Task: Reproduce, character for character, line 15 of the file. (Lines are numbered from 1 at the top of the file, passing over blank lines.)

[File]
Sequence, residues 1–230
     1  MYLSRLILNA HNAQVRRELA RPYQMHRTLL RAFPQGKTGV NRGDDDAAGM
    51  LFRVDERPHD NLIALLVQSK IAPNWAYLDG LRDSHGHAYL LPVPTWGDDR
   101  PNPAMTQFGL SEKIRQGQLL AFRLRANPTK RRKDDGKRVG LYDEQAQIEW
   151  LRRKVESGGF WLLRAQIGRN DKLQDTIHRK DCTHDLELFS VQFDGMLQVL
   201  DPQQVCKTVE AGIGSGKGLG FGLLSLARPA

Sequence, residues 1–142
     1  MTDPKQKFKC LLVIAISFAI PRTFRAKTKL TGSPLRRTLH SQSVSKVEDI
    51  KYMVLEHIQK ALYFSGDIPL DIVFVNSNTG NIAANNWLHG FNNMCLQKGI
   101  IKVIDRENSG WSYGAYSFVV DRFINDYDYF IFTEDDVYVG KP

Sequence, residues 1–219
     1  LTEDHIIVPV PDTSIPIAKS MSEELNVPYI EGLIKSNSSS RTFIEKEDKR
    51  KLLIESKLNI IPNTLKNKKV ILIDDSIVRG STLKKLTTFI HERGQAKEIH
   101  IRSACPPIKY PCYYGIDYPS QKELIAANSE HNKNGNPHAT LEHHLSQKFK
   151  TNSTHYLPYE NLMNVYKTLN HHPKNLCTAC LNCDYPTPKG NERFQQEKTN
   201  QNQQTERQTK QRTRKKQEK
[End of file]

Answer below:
   151  TNSTHYLPYE NLMNVYKTLN HHPKNLCTAC LNCDYPTPKG NERFQQEKTN